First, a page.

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"The kingdom of heaven is likened unto a man which sowed good seed in his field; but while men slept, his enemy came, and sowed tares among the wheat and went his way. But when the blade was sprung up, and brought forth fruit, then appeared the tares also. So the servants of the householder came and said unto him, Sir, did'st thou not sow good seed in thy field, from whence then hath it tares? He said unto them, An enemy hath done this. The servants said unto him, Wilt thou, then, that we go and gather them up? But he said, Nay, lest while ye gather up the tares, ye root up also the wheat with them. Let both grow together until the harvest; and in the time of harvest I will say to the reapers, Gather ye together first the tares and bind them in bundles to burn them, but gather the wheat into my barn." Matt. xiii. 24-31.
MRS. M. In going through the parable of the sower, we have found described the various errors and failures that arise amongst those who have the privilege of hearing and
reading the word of God, as well as the fruits that flow from its being received into a heart softened by divine grace. This next parable, so clearly elucidated by our Lord himself, seems intended to point out that whatever differences may appear in the outward conduct, the external profession of men here on earth, whatever varieties of doctrine there may be amongst them, all shall at the last great day be divided into two classes, tares and wheat, children of God and children of the devil; and that, however hidden from the eye of the Lord knows his own people man, "who shall shine forth as the sun in the kingdom of his Father," while the tares or the children of the wicked one shall be bound not in the "bundle of life," 1 Sam. xxv. 29. but in " bundles to be burned."
EMILY. "But, mamma, is it not easy to know good people from bad, even in this life?'
for "by their fruits ye shall know them; and if other men's actions appear good, we
have no right to question the motive from which they flow, (though with regard to ourselves, our scrutiny on this point should be most strict) but it is a melancholy truth that even amongst the professed members of the church of Christ, (the outward church) even amongst those who appear to have had the seed sown in good ground, there may be hypocrites. But this is certain; however they may on earth have worn the semblance of the people of God, yet at the last great day of final judgment these shall be amongst the tares, amongst those to whom our blessed Lord shall say, "Depart from me, ye cursed, into everlasting fire, prepared for the devil and his angels." Such instances we must hope to be but rare; and on the other hand there are many of God's people, and known only to himself, who, however they may pass unobserved by the human eye, are yet truly amongst the wheat that shall be gathered into the barn.'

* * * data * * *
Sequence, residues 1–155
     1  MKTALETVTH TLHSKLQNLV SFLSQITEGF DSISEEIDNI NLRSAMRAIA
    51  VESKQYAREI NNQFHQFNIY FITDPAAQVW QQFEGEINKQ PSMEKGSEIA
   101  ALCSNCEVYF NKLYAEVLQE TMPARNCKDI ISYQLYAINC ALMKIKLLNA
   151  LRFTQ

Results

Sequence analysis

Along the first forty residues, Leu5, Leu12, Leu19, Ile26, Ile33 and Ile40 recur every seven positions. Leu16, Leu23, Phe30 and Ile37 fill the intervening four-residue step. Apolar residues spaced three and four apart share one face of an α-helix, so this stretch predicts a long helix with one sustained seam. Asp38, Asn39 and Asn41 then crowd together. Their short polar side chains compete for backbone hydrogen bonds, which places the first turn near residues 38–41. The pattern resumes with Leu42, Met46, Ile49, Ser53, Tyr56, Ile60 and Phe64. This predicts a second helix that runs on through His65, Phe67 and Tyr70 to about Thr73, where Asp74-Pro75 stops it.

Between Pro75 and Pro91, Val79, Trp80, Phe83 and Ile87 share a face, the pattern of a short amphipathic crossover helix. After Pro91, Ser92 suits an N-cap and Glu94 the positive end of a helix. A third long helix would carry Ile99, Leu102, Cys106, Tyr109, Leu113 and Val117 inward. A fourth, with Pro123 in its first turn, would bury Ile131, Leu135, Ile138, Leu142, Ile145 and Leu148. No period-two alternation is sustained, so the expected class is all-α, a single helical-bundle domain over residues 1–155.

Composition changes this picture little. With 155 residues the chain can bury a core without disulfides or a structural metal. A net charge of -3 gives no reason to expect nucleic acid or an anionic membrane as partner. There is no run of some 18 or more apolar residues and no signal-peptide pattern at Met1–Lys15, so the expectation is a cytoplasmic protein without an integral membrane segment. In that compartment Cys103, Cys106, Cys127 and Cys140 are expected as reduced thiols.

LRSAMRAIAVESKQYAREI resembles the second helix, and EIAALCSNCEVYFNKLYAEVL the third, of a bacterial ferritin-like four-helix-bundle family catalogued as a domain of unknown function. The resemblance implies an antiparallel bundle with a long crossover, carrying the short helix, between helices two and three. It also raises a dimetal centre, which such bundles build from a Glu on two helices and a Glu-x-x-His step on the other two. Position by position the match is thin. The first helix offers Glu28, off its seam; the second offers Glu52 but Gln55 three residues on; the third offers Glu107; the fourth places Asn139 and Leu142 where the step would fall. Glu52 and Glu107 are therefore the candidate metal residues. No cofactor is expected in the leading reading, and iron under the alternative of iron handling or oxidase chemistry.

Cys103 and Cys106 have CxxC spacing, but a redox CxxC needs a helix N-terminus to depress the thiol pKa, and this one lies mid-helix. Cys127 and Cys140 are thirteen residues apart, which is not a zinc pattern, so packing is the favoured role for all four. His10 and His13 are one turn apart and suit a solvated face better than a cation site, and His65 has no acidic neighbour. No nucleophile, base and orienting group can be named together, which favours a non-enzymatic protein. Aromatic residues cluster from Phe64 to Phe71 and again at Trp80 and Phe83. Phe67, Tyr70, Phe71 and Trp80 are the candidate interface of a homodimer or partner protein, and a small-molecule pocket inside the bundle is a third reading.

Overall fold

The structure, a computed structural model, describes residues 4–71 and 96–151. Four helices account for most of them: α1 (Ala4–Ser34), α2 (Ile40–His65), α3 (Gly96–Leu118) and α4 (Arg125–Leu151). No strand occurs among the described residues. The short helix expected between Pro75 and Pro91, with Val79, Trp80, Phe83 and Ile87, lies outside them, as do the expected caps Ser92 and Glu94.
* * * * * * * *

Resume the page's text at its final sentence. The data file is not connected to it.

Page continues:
'Mamma, what sort of plant
you think tares are?'
EMILY. I think they must be some ugly plant with a nasty smell; and yet I have heard vetches called tares, and they are very pretty.'
GEORGE. 'I don't think vetches can be the plant that is meant; because they are useful, and would not be thrown into the fire; and besides, they would be distinguished from the wheat the moment they began to grow,'
MRS M. 'Translators and Commentators vary as to the nature of the plant; some think it means a degenerate species of wheat. The Persic translator calls it, bitter grain'; but it is of little importance what the literal word is, if we rightly understand what it is meant to represent ! '
EMILY. What is meant by the tares and wheat both being allowed to grow together till the harvest?
MRS. M. That is what we see every day; the same sun warms the children of God, and the children of evil; the same rain waters their fields and their gardens; their
outward comforts and privileges are the same; in worldly wealth or any worldly enjoyment, there is no distinction, save that the ungodly have often a larger portion of this world's goods. This our Saviour plainly teaches. "The harvest," he says, "is the end of the world," the reapers are the angels," and at the last day the Lord shall send them and they shall "gather his elect from the four winds, from the uttermost part of the earth, to the uttermost part of the heaven." And then shall be made manifest the difference between the tares and the wheat; then shall be heard these precious words, "Come, ye blessed of my Father, enter into the kingdom prepared for you from the foundation of the world." But though, my children, it is not permitted to us to decide with regard to others, who are the tares, and who are the wheat,-let us ever with watchful care examine ourselves, that we may be enabled to discern which we are among.'
GEORGE. 'Oh, mother, when I played ball on Sunday, had I not reason to think I was among the tares?'